Look at America and Europe and it's clear Australia has benefited hugely - in a material sense, at any rate - from the painful micro-economic reforms of the 1980s and '90s.
Look at our performance in the noughties, however, and it's clear the momentum of reform has dissipated. You see that in the business community's unrelenting white-anting of Kevin Rudd's emissions trading scheme, which ended in a bipartisan rejection of the use of "economic instruments" (putting a price on carbon) to combat climate change.
You see it now in the mining industry's bitter resistance to Rudd's latest attempt at major micro-economic reform, the replacement of inefficient mineral royalties with the far more efficient super profits tax.
The big miners - particularly BHP Billiton and Rio Tinto - are doing all they can to break the back of this measure, if not kill it. The newer and smaller miners, which would benefit most, seem cowed into silence.
The big boys' first success has been the opposition's - the Liberal Party opposition's - decision to again set its face against an economic-rationalist reform, one almost all economists endorse as good policy.
Professor Ross Garnaut believes the decision the nation takes on the reform of mineral royalties will either "confirm the descent of Australian political culture into a North Atlantic malaise, or represent a revival of the capacity of the Australian polity to take positions in the national interest, independently of sectional pressures".
Just so. The big miners are doing what all sectional interests attempt to do in these circumstances, persuade you and me that their problem (the government wanting to take a bigger bite out of their profits) is actually our problem (the miners will take their money elsewhere and leave us to rot).
To this end they're using a host of high-sounding, but actually unconvincing, arguments, the first of which is that the planned change in the royalty arrangements has greatly increased Australia's "sovereign risk" in the eyes of miners.
This is over the top. The sovereign risks faced by foreign investors in many countries - mainly developing countries - constitute things like having your company expropriated by the government, a breakdown in the rule of law, or the government defaulting on its debt.
Are BHP and Rio seriously putting us in that company? Turns out their definition of sovereign risk is merely "do you trust the government not to change the rules?" And what rule would that be? The price at which we're prepared to sell them our non-renewable resources.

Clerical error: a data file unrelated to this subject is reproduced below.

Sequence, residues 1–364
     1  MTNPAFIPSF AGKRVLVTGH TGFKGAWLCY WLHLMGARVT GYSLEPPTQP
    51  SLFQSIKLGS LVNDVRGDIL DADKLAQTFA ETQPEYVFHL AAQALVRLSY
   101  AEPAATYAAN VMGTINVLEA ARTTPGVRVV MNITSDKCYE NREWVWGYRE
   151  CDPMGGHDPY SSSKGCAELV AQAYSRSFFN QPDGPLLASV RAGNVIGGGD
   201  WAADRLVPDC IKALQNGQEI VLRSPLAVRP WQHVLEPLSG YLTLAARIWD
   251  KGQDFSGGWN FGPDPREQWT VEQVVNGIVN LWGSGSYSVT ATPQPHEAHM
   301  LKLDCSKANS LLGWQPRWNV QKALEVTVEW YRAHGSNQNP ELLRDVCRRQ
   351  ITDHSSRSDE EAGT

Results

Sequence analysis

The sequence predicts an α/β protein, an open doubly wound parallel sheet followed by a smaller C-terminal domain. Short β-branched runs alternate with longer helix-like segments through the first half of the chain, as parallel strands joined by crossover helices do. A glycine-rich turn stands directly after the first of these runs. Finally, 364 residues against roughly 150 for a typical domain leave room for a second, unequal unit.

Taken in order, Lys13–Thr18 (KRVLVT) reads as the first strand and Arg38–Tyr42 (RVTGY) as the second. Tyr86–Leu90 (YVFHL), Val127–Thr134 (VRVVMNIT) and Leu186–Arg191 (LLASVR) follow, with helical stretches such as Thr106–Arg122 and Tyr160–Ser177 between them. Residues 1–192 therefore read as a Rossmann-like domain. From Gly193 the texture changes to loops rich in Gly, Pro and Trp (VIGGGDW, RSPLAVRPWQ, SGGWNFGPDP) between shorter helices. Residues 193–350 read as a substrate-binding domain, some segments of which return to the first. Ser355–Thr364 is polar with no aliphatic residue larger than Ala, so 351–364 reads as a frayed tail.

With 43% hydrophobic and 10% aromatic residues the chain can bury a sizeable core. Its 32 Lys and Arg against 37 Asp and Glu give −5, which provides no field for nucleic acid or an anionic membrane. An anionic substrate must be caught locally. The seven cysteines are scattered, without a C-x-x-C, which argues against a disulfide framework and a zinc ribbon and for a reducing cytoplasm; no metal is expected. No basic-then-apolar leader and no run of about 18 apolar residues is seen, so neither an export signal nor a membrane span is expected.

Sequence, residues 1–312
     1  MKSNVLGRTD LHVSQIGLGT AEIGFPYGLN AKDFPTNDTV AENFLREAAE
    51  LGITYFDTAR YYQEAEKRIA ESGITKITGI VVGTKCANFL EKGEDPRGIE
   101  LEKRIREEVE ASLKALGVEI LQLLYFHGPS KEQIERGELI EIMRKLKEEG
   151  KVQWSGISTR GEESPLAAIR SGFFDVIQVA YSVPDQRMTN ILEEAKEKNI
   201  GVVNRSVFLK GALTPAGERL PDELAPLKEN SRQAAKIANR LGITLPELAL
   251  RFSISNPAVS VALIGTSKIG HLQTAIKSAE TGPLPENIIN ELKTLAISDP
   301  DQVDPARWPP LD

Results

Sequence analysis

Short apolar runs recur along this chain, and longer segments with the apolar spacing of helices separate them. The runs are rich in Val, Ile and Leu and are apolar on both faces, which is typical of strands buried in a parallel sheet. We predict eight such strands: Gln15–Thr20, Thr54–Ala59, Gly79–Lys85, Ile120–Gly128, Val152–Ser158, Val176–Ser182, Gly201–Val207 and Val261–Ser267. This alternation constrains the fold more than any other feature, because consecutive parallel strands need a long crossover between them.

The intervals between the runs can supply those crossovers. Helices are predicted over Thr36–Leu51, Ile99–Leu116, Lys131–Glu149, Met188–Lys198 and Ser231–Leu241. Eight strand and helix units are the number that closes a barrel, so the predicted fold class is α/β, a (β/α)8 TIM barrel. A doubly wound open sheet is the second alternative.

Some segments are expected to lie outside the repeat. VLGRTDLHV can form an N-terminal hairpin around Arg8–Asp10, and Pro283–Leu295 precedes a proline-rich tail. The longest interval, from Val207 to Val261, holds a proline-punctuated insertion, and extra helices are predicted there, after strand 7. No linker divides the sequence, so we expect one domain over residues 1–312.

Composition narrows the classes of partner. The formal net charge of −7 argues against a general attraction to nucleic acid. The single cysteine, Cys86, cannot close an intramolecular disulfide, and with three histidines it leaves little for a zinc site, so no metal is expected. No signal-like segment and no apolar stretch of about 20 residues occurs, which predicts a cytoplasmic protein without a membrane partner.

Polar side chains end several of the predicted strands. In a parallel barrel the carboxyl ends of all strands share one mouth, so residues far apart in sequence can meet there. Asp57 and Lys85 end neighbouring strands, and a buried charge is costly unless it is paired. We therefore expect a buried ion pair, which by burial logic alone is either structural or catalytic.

The contract price of iron ore has increased by a factor of more than six since 2004. The contract price of hard coking coal has more than quadrupled. Do you reckon we're going to be the only country putting up the price it charges?
Far more likely that a lot of countries follow our example - which may well be what's adding extra vehemence to the big miners' fightback.
And name one country that's prepared to give foreign investors a guarantee it won't at some stage decide to change a tax or other law affecting those investors' businesses. If that's your definition of sovereign risk then it's a risk you face in every country - and many of them would be a lot rougher about it than us.
What's more, if that's sovereign risk, the only answer to it is national governments promising to give up their sovereignty. This is silly stuff.
It's curious that BHP and Rio, which purport to be so offended when anyone calls them foreigners rather than Australian, keep on about sovereign risk. Sovereign risk is the perspective of an outsider, not a local. A company with no loyalties, prepared to go wherever in the world it can get the best deal.
Every Australian business, big and small - and every individual, for that matter - faces the continuous risk that one of our nine governments will "change the rules" in ways we consider contrary to our interests.
We don't like it but, for the most part, we accept it. One of the rules that doesn't change is that democratically elected governments retain the right to change the rules. How else could you run a country?
Allied with the sovereign risk argument is the claim the resources tax would be "retrospective". This, too, is an abasement of the term. A true retrospective change involves subsequently declaring an act that was legal at the time it was undertaken illegal. That's what John Howard did with his outlawing of the bottom-of-the-harbour tax scheme.
Similarly, it would be reasonable to say a decision to change the tax on income earned (or minerals mined) before the announcement of the tax change was retrospective. But these guys are claiming a decision to increase the price of the minerals we sell them in the future - of which we're giving them more than two years' notice - is retrospective.
Huh? Apparently, any change to a mining project that's already established is a retrospective change. Had we known you were going to do this we might never have dug the mine. Yeah sure. Nor did you know the world price of the mineral was going to quadruple or sextuple in six years.
This is silly stuff. If that's your definition of retrospective, then every tax change (or other change) affecting every existing Australian business (and every person already born) is retrospective and thus improper.
As Professor John Freebairn of Melbourne University has said, "the idea that government cannot take actions that create losers ... would have stood in the path of tariff reform and most of the micro-economic reform of the past 20 years".
And if we let the big miners' pleading dissuade us from going ahead with this reform we'll be going the same way as the morally corrupt US Congress and the effete Europeans.